As I mentioned in my look ahead post, my goal in 2018 is to read as many unread books that I already own as possible—and not buy more until I’ve made a good dent. In the spirit of a new year of reading, I’m calling this my “Read My Shelf Challenge”–though you know how I actually feel about reading challenges!
I went through my shelf and made a list of all of the books I haven’t yet read. It’s…not short. There are 70 books on this list, and conveniently, I read 70ish books last year (I didn’t start tracking in Goodreads until mid-way through the year, so it’s an estimate). I don’t anticipate that I’ll read many more than that in the coming year—especially if most are hardcopy, because reading on my iPad and phone helps me get through more books.
Nonetheless, these are all books that I want to read. I’m looking forward to mostly focusing on this list instead of the new and shiny (remind me of that when I’m reviewing all kinds of new and shiny books, please).
Update 2/15/18: This post is still proving to be popular, so I thought I’d add a list with the books I’ve read from my shelf this year, so readers can see my reviews. The remaining books on my shelf that I need to read are below this list.
Kindred is famous for being the first science fiction novel written by a black woman. That's significant, but the science fiction part of this story--the time travel--isn't what makes it so compelling. In the 1970s, a 26-year-old black woman is suddenly pulled back through time to save the life of a young boy who grows to be a slave owner in 1800s Maryland. Yanked without warning between present and past and back again, she returns multiple times throughout his life (as only minutes or hours pass in her own), and she realizes that she must keep him alive so he can father her great-grandmother. But through this, she also must live the life of a slave and face all the indignities, hardships, and heartbreaks that come with it.
This is an illuminating look at the lives of slaves, cognizant of our modern ideas that the people who were slaves must have been tougher than people now, somehow superhuman in their ability to endure. But the wounds from the whips and chains and inhuman disregard for their lives and families were real, and Butler sensitively examines the ways in which the people were beaten and worn into submission. Light on the sci-fi aspects (sudden unexplained time travel is the only element) and a fast, worthwhile but difficult read (due to the subject matter). Highly recommended. More info →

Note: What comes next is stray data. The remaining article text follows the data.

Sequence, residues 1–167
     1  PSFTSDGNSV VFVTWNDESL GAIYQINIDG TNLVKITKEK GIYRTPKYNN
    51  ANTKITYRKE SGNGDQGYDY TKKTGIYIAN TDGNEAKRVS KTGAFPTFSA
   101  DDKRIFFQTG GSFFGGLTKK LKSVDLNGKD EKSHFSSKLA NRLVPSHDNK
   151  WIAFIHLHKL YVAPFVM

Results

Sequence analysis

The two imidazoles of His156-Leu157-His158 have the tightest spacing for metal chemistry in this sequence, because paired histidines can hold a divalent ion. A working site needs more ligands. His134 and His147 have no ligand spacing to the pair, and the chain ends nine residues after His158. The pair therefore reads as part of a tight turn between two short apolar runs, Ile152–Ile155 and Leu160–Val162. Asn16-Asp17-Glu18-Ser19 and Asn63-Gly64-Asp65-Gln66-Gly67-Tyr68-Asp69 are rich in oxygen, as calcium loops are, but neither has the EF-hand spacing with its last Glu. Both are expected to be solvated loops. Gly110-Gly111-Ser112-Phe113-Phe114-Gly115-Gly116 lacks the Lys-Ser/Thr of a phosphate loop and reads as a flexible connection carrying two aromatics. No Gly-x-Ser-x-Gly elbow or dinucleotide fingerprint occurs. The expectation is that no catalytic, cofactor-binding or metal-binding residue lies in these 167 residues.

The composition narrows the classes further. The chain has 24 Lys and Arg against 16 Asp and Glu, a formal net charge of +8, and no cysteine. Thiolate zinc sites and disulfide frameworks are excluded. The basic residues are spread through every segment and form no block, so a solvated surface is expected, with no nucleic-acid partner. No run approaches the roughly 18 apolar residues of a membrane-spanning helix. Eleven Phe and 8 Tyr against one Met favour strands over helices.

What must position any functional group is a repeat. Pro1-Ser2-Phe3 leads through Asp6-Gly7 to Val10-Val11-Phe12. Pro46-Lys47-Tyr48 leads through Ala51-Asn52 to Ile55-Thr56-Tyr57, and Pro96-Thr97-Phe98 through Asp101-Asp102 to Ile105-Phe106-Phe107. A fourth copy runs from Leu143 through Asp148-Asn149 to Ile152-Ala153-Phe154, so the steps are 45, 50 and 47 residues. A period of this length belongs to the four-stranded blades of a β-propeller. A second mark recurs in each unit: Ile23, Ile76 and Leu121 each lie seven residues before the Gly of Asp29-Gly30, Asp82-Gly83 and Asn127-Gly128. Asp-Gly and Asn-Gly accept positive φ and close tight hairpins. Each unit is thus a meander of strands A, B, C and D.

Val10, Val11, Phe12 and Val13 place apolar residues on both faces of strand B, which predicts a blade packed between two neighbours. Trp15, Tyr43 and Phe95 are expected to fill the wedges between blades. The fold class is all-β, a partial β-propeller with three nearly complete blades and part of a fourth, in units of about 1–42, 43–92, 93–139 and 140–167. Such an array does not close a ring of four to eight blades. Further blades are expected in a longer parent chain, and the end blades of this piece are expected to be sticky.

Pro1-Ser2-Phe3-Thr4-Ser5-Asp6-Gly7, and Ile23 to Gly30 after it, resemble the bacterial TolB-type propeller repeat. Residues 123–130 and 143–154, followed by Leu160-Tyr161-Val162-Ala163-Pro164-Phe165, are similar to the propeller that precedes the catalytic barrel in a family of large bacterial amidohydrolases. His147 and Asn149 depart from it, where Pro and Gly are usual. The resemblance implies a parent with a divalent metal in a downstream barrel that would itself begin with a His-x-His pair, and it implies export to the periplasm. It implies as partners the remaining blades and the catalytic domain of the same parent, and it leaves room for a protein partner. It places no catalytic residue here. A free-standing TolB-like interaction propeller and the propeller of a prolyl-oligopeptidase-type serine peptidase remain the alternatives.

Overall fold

This is a creepy coming-of-age novel that might appeal to fans of Stephen King. Eddie and his friends are pretty typical 80s kids in England, spending time at the park, riding bikes, and avoiding bullies. They start communicating with one another through chalk drawings--until one day drawings appear that none of them made, leading them to a dismembered body. Now, 30 years later, Eddie and his friends are reunited, finding that they all received a chalk drawing in the mail. Secrets start unraveling, and the friends find that they may not have known each other as well as they thought. I found the characters a little hard to pin down, which I think was part of the point, but it made it a tough to connect with any of them. Overall, this was gripping but a little too creepy and gruesome for my taste--true fans of this type of book will have no trouble at all, and it's received many positive reviews. More info →